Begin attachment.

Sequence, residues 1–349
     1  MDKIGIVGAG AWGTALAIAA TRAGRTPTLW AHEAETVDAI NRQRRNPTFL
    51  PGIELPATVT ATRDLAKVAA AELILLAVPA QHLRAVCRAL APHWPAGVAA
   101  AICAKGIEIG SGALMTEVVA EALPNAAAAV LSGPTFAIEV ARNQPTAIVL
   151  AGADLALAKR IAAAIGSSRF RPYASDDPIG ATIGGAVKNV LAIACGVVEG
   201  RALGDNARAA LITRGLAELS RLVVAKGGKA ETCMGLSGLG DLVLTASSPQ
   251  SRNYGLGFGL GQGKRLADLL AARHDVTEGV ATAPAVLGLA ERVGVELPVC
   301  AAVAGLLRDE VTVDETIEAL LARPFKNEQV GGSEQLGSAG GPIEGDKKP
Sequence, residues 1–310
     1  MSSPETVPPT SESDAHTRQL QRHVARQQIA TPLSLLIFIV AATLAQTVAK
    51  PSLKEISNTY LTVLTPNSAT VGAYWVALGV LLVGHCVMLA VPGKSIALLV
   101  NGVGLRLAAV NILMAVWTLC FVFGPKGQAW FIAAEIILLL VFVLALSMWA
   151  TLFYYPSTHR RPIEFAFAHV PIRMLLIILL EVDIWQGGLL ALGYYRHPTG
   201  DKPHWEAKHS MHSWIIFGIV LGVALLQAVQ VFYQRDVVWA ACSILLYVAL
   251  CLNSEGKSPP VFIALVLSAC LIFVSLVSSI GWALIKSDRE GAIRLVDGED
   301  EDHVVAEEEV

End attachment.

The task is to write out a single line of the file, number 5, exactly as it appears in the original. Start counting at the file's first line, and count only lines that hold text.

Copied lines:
   151  AGADLALAKR IAAAIGSSRF RPYASDDPIG ATIGGAVKNV LAIACGVVEG